|Location||Papua New Guinea|
|Major islands||New Britain, New Ireland|
|Area||49,700 km2 (19,200 sq mi)|
|Highest elevation||2,340 m (7680 ft)|
|Highest point||Mount Taron|
Papua New Guinea
The Bismarck Archipelago (German: Bismarck-Archipel, pronounced ['bɪsmɑrk ˌaʁçiˈpeːl]) is a group of islands off the northeastern coast of New Guinea in the western Pacific Ocean and is part of the Islands Region of Papua New Guinea. Its area is about 50,000 square km.
The first inhabitants of the archipelago arrived around 30–40,000 years ago. They may have traveled from New Guinea, by boat across the Bismarck Sea or via a temporary land bridge, created by an uplift in the Earth's crust. Later arrivals included the Lapita people.
The first European to visit these islands was Dutch explorer Willem Schouten in 1616. The islands remained unsettled by western Europeans until they were annexed as part of the German protectorate of German New Guinea in 1884. The area was named in honour of the Chancellor Otto von Bismarck.
On 13 March 1888, a volcano erupted on Ritter Island causing a megatsunami. Almost the entire volcano fell into the ocean, leaving a small crater lake.
Following the outbreak of World War I, the Australian Naval and Military Expeditionary Force seized the islands in 1914 and Australia later received a League of Nations mandate for the islands. They remained under Australian administration—interrupted only by Japanese occupation during World War II—until Papua New Guinea became independent in September 1975.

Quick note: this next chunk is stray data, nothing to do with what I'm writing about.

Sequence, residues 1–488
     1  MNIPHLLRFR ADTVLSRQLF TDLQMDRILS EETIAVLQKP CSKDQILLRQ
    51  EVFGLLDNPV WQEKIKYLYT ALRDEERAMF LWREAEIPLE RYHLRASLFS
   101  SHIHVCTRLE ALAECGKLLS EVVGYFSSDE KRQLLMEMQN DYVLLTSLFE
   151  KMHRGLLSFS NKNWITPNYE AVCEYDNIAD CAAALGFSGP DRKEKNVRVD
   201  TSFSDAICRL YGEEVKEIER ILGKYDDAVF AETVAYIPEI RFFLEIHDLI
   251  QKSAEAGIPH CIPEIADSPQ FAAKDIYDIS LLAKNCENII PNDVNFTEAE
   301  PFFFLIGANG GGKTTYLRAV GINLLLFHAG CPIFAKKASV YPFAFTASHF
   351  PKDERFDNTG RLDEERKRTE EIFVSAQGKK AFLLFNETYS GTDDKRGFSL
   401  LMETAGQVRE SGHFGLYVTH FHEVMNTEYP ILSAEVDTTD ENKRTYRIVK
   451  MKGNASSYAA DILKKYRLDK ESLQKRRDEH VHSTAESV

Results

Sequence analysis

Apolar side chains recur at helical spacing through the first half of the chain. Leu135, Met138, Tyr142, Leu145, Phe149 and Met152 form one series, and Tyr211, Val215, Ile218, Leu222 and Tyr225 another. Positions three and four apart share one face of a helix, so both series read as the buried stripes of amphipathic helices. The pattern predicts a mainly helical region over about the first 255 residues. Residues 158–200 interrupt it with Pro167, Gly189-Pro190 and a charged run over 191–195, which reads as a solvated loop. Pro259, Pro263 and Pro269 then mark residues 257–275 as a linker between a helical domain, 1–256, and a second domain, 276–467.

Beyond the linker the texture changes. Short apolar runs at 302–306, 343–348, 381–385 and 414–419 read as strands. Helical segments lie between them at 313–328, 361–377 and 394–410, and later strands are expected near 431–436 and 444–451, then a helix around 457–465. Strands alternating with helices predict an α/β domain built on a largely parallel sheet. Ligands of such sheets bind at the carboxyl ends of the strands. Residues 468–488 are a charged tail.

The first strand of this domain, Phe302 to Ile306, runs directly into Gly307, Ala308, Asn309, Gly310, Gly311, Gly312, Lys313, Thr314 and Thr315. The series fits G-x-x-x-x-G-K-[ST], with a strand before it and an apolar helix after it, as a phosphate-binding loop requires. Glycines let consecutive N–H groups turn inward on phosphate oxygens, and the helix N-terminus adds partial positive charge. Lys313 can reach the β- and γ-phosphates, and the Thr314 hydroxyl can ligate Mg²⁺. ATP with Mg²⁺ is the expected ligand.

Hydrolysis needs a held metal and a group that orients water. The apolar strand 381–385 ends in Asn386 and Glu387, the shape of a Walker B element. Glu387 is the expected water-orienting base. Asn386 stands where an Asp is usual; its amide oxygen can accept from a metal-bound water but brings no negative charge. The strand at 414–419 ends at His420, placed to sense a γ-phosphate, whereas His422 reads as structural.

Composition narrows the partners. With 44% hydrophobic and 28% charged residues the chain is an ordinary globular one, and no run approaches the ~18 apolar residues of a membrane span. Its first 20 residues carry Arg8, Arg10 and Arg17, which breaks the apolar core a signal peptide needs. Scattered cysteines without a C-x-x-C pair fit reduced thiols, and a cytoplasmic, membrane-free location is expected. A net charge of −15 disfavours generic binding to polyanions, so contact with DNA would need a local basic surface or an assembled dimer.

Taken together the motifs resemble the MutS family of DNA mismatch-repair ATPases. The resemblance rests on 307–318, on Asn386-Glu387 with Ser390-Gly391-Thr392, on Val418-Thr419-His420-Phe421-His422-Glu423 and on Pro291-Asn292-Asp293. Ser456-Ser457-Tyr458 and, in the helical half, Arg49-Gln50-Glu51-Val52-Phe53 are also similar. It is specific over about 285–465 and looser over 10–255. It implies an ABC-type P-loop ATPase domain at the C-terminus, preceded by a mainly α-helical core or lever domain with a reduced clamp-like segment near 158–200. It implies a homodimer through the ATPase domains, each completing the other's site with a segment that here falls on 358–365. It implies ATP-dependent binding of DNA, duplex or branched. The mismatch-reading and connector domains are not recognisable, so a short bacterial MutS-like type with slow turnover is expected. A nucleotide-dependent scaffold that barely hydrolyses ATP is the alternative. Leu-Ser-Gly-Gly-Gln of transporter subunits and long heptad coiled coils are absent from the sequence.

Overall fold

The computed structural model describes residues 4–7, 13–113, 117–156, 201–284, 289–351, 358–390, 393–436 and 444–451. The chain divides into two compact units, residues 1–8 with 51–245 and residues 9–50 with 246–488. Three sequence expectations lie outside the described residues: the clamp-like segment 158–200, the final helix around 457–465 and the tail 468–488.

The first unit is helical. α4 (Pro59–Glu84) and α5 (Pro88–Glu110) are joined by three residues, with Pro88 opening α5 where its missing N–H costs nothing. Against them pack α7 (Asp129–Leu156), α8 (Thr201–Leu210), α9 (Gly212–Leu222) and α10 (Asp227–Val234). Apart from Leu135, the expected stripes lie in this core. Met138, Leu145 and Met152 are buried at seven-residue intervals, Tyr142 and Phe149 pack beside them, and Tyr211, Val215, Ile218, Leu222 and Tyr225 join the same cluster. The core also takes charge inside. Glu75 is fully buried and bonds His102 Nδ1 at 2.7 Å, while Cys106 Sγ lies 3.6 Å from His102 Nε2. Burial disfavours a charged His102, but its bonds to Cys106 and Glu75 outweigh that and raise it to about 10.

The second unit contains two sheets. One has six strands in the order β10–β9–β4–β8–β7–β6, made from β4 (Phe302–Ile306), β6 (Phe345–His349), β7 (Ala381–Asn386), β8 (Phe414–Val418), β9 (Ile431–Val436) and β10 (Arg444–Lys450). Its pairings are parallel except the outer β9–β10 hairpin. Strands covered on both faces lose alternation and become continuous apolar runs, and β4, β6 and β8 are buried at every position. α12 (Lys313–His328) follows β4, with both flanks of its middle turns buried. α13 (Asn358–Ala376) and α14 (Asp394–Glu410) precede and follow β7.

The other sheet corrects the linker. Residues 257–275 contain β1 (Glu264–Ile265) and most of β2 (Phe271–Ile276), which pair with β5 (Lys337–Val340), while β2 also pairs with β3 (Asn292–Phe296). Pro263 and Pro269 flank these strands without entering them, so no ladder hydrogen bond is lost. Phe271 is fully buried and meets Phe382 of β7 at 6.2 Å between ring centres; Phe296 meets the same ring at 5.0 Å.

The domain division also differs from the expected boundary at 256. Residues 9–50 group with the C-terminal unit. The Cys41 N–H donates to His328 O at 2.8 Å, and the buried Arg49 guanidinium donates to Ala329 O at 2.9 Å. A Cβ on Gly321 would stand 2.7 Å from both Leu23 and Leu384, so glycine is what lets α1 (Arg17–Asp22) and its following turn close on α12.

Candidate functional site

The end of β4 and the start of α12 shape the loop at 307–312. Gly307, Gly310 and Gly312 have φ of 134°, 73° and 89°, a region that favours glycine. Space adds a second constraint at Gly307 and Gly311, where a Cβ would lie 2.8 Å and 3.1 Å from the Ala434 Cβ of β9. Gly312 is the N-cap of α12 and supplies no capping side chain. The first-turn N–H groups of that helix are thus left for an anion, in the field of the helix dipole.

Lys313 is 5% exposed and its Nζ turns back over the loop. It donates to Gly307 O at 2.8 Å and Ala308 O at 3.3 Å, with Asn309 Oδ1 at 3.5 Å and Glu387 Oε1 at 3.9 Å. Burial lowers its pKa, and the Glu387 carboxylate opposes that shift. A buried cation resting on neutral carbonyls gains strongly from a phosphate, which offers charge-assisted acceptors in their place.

The Bismarck Archipelago includes mostly volcanic islands with a total land area of 49,700 km2 (19,189 sq mi). The archipelago encompasses the Bismarck Sea and sits upon the North Bismarck Plate, the Manus Plate and the South Bismarck Plate.
Islands are grouped here according to administrative province:
The passage of water between the islands of New Britain and New Ireland is called St. George's Channel after St. George's Channel in the British Isles between Wales and Ireland.
((cite web)): CS1 maint: multiple names: authors list (link)
In the early morning of 1888 March 13, roughly 5 km3 of Ritter Island Volcano fell violently into the sea northeast of New Guinea. This event, the largest lateral collapse of an island volcano to be recorded in historical time, flung devastating tsunami tens of metres high on to adjacent shores. Several hundred kilometres away, observers on New Guinea chronicled 3-min period waves up to 8 m high, that lasted for as long as 3 h. These accounts represent the best available first-hand information on tsunami generated by a major volcano lateral collapse. In this article, we simulate the Ritter Island landslide as constrained by a 1985 sonar survey of its debris field and compare predicted tsunami with historical observations. The best agreement occurs for landslides travelling at 40 m/s, but velocities up to 80 m/s cannot be excluded. The Ritter Island debris dropped little more than 800 m vertically and moved slowly compared with landslides that descend into deeper water. Basal friction block models predict that slides with shorter falls should attain lower peak velocities and that 40+ m/s is perfectly compatible with the geometry and runout extent of the Ritter Island landslide. The consensus between theory and observation for the Ritter Island waves increases our confidence in the existence of mega-tsunami produced by oceanic volcano collapses two to three orders of magnitude larger in scale.